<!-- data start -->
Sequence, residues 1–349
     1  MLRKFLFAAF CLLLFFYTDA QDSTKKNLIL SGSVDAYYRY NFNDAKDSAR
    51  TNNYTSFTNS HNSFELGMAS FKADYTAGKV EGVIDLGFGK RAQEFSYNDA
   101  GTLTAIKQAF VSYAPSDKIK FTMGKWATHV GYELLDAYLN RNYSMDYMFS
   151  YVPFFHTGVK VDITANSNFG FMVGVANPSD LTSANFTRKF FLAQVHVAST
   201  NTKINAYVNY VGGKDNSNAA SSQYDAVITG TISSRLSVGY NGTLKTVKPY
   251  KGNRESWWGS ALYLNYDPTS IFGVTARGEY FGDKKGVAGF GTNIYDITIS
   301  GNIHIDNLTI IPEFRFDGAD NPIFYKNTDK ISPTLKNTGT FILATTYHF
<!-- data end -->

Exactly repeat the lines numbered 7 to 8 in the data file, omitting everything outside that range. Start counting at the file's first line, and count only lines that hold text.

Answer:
   251  KGNRESWWGS ALYLNYDPTS IFGVTARGEY FGDKKGVAGF GTNIYDITIS
   301  GNIHIDNLTI IPEFRFDGAD NPIFYKNTDK ISPTLKNTGT FILATTYHF